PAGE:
The Na+/K+-ATPase has long been a marker for PM in cell fractionation (Meier et al., 1984; Holtbäck et al., 1999; Van Dyke, 2004; Pohl et al., 2005). Since nuclear membrane fractionation pools may contain some minor PM contamination, we wanted to use additional methods to determine whether Na pumps were in the NE. Immunocytochemistry was performed on HEK293 cells and their isolated nuclei with antibodies against Na pump α- and β-subunits to confirm the western blotting and ATPase activity results. Confocal imaging of immunostained cells and isolated nuclei revealed the presence of Na+/K+-ATPase in the NE (Fig. 1B,C). HEK293 cells were permeabilized and immunostained with both anti-Na+/K+-ATPase β-subunit and anti-calnexin. Calnexin has been shown to be present in ER and the inner NE (Cala et al., 1993; Gilchrist and Pierce, 1993; Ohsako et al., 1994). We observed a clear overlap between Na+/K+-ATPase and calnexin signals showing that the Na+/K+-ATPase is present in ER as well as NE (Fig. 1B). It has earlier been reported that Na+/K+-ATPase is functional in the ER (Gatto et al., 2001). To show that the Na+/K+-ATPase in NE is indeed the perinuclear region, we stained the nuclei with To-Pro3, a nuclear DNA stain (Fig. 1B). As further confirmation, isolated nuclei from HEK293 cells were incubated with anti-Na+/K+-ATPase α- or β-subunit and also with antibodies against nuclear pore protein (NPP), a NE marker (Fig. 1C). Both proteins were clearly present and merging the images revealed significant signal overlap (Fig. 1C), consistent with Na pump residing within the NE. In the absence of primary antibodies, there was no background labeling via either conjugated secondary antibody (data not shown). We obtained similar results via staining isolated nuclei with another resident nuclear protein, i.e. the retinoblastoma-protein associated protein 46 (RbAp46), a component of the mSin3 co-repressor complex (Guan et al., 1998). Anti-RbAp46, an antibody to a nucleoplasmic histone chaperone (RbAp46), more ubiquitously stained nuclei whereas the Na+/K+-ATPase β-subunit was contained within the NE (data not shown).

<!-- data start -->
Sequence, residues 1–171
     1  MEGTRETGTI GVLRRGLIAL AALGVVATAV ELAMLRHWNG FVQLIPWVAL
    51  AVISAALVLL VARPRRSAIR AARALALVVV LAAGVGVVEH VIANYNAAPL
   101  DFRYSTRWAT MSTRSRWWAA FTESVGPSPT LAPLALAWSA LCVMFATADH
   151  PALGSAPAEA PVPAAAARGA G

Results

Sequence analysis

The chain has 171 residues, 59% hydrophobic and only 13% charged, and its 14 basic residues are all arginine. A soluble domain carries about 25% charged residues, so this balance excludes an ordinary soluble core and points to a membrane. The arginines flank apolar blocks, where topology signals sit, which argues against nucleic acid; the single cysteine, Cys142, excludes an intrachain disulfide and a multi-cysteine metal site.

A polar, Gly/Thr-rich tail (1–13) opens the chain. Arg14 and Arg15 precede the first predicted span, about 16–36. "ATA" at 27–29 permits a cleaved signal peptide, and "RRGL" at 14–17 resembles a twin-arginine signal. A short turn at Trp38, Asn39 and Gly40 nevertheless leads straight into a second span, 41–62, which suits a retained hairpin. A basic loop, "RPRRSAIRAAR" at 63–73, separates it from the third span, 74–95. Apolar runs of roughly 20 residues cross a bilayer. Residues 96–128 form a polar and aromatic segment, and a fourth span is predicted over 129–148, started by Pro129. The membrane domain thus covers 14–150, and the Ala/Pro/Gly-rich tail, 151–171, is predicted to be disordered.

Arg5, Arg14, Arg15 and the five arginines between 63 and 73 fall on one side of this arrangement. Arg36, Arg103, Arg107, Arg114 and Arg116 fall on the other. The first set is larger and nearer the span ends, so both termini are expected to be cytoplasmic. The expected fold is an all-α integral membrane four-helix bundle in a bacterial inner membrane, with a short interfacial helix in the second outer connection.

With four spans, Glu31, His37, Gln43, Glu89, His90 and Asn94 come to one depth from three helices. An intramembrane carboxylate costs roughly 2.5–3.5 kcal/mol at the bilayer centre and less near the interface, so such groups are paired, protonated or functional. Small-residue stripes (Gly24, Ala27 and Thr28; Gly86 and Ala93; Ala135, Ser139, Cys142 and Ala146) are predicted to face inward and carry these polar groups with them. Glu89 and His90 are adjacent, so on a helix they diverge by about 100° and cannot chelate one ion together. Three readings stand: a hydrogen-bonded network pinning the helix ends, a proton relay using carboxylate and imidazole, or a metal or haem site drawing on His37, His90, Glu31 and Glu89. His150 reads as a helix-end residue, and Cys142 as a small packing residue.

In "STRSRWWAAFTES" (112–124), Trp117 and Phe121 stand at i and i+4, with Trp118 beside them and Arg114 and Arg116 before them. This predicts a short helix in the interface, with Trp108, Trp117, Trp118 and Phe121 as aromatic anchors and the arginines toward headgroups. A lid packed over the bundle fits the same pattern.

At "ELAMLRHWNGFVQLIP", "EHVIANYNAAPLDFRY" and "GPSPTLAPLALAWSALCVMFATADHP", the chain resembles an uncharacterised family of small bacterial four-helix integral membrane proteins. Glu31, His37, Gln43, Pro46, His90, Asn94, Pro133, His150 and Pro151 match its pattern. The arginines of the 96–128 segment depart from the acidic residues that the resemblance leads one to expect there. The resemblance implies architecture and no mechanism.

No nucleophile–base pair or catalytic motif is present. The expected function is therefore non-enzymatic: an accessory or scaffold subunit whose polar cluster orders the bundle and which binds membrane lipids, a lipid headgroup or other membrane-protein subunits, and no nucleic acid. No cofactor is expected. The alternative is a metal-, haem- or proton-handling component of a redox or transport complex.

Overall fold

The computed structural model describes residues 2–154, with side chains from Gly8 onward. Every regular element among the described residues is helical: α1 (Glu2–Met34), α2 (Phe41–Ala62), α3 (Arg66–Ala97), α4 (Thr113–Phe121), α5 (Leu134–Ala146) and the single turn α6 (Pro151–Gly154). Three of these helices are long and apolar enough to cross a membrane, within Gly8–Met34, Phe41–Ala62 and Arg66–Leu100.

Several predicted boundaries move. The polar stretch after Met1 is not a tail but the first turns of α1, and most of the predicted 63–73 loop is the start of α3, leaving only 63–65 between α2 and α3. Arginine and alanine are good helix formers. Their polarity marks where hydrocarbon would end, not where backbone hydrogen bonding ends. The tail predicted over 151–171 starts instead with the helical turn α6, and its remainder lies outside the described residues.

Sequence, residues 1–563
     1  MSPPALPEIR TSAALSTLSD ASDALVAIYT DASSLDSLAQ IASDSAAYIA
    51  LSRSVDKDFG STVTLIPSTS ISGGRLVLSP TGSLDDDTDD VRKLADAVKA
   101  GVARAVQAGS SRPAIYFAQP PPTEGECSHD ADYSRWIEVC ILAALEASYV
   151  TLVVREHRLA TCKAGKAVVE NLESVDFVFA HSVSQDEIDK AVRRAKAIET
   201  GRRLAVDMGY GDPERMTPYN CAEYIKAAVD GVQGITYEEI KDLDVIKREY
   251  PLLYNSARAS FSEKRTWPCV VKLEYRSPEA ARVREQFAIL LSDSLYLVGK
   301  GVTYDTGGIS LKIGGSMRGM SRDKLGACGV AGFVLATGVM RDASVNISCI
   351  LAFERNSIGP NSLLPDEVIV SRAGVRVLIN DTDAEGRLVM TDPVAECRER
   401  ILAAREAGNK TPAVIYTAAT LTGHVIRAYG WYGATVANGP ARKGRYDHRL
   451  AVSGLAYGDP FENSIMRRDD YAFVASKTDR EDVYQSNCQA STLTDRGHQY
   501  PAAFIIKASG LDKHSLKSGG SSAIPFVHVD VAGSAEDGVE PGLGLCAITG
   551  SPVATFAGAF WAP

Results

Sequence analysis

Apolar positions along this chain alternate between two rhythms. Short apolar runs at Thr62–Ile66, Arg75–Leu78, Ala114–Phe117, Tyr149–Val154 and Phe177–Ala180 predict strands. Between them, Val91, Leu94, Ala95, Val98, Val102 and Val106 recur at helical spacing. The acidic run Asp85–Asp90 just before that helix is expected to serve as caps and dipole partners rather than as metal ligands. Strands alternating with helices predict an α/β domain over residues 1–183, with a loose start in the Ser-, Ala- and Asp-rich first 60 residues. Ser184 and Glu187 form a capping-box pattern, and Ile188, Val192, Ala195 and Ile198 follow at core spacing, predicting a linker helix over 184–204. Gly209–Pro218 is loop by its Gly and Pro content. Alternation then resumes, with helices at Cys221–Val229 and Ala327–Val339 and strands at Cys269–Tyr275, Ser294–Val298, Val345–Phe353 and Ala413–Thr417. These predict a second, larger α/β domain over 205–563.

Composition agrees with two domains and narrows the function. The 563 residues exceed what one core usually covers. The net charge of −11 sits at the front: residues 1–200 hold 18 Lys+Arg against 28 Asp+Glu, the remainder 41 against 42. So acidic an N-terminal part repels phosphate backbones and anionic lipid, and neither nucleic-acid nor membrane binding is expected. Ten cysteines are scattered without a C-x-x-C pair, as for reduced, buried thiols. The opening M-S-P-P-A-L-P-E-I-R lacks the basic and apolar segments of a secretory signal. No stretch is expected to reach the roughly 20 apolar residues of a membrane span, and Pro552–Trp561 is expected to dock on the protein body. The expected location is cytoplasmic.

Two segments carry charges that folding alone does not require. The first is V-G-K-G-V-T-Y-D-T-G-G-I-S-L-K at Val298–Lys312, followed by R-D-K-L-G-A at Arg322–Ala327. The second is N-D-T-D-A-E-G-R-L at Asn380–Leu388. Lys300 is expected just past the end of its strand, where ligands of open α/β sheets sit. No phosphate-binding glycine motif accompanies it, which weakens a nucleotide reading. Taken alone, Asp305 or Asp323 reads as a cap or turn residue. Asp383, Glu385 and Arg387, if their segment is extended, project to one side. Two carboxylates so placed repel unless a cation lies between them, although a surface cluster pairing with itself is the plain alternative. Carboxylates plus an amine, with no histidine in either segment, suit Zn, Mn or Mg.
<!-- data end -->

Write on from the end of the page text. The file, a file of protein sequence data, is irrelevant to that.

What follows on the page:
In addition to performing immunocytochemistry on isolated nuclei, we made a stable HEK293 cell line expressing both the fluorescently tagged Na pump α-subunit (i.e. α-mcherry) and the untagged beta-subunit to directly observe its localization in living cells. Fig. 2A–C shows the stable cell line expressing α-mcherry exhibiting both PM and NE localization. Moreover, the cells were stained with To-Pro3 iodide (a DNA stain), which revealed that the intracellular organelles with α-mcherry fluorescence were indeed nuclei (Fig. 2A). Cells were fixed and permeabilized to stain the DNA so as to demarcate the nuclei in cells. Due to permeabilization of fixed cells, Na+/K+-ATPase signal in the PM significantly decreased. We also observed that the Na+/K+-ATPase α-mcherry signal in the background of the nucleus was obscuring a clear distinction between the nucleus and the PM (Fig. 2A). In order to get a closer look at the nuclear α-mcherry distribution, we permeabilized the cells and stained them with anti-calnexin antibody and To-Pro3 (Fig. 2B). Again, consistent with the results above, we observed that the Na+/K+-ATPase α-mcherry localized to ER and NE. A merge between Na+/K+-ATPase α-mcherry, calnexin, and To-Pro3 signals confirms Na+/K+-ATPase localization to both ER and NE. Since ER is extensively spread throughout the cell, the Na+/K+-ATPase α-mcherry in ER looked like a background signal. Note that the PM signal in Fig. 2B is not apparent due to extensive permeabilization of cells. Moreover, we observed that the levels of heterologous and endogenous Na+/K+-ATPase in ER were comparable. We isolated nuclei from this stable cell line and they clearly show α-mcherry in the NE (Fig. 2C). For completeness, nuclei from α-mcherry and β-subunit expressing HEK293 cells were isolated, fixed, and immunostained with anti-NPP antibody. Confocal imaging of these nuclei revealed an overlap/co-localization between mcherry-tagged Na pump α-subunit and the NPP antibody staining (Fig. 2C).